It’s only eight pages of A4 printed out on a home printer and helf together by a staple, but it has a clear idea of what it’s about and has some diverting articles from the ultras scene around. There’s an interesting story about racist Treviso ultras, who back in 1999 barracked a new signing, a Brazilian called Pelado, with racist chanting and even refused to show up for games. The local paper ran stories slagging off the ultras the club came out and publicly denounced them,  which culminated in all the Treviso players all coming out for the last game of the season with blacked up faces, as a show of solidarity. Seriously. There’s also the tale of Red Boys Ternana, who in 1992 split with the Curva Nord lot after they went all fascisty, then attacked the local MSI (cunty neo-fascist organisation) building for infiltrating their curva. As well as that there’s a hot or not column, in which they rather cheekily place themselves, while slagging off both Real Madrid’s support and Carla Bruni, for reasons I don’t quite understand, a diatribe against the police and how football fans are treated in this country by Simone that centres on Sandri’s death and a rather apposite piece on local public transport concerns. If anyone who isn’t in their group is reading this stuff I don’t know, but at least it’s pretty entertaining.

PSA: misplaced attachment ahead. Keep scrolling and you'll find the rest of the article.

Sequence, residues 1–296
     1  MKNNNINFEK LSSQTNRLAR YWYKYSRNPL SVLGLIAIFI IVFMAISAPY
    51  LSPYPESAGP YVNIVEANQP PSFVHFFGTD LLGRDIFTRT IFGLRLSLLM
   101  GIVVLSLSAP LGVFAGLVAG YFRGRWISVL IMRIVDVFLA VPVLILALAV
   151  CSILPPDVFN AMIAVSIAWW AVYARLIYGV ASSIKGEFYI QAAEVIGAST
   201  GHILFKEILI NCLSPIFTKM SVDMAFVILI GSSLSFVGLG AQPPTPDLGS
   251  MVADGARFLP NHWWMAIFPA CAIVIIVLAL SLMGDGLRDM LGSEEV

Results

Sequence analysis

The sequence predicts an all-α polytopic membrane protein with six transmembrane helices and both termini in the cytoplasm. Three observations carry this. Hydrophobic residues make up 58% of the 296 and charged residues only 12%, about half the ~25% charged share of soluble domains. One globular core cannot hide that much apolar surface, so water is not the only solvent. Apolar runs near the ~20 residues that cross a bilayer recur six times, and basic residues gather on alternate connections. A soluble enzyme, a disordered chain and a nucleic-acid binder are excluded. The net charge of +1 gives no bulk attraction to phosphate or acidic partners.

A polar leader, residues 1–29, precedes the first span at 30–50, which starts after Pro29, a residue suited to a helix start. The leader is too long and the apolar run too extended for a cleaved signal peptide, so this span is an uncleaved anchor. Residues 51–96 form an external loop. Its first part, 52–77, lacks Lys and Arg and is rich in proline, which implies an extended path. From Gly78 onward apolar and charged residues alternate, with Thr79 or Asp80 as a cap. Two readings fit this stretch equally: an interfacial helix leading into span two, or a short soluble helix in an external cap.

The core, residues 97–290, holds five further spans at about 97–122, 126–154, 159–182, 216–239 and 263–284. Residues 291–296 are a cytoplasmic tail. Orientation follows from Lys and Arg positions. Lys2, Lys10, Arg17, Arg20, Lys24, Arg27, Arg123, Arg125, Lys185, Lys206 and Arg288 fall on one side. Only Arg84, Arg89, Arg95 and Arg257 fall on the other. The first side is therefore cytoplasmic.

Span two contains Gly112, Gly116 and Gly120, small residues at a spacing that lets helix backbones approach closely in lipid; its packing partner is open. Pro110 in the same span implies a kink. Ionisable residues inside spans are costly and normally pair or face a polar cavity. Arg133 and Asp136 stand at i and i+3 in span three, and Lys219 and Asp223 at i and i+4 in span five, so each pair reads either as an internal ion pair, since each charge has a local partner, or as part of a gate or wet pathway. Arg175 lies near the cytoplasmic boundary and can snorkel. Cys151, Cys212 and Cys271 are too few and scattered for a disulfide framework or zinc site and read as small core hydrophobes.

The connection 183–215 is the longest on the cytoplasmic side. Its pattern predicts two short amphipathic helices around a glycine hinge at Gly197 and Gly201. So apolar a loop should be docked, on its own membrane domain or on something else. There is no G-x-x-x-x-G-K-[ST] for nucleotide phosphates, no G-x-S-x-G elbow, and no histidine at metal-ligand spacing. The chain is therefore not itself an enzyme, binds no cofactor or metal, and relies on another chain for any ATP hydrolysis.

I am also mightily relieved to discover that they’re not a bunch of fascists. It’s a shame that the thought even crossed my mind, but with Italian ultras you never know, unfortunately. Right now I’m reading a piece that is lauding the Americans for voting for Barack Obama (going a little bit over the top in the process – American Dream my arse), and wondering when a similar change will happen in Italy. It’s also quite a good piece, so I’ve painstakingly translated as much as I can for you to read.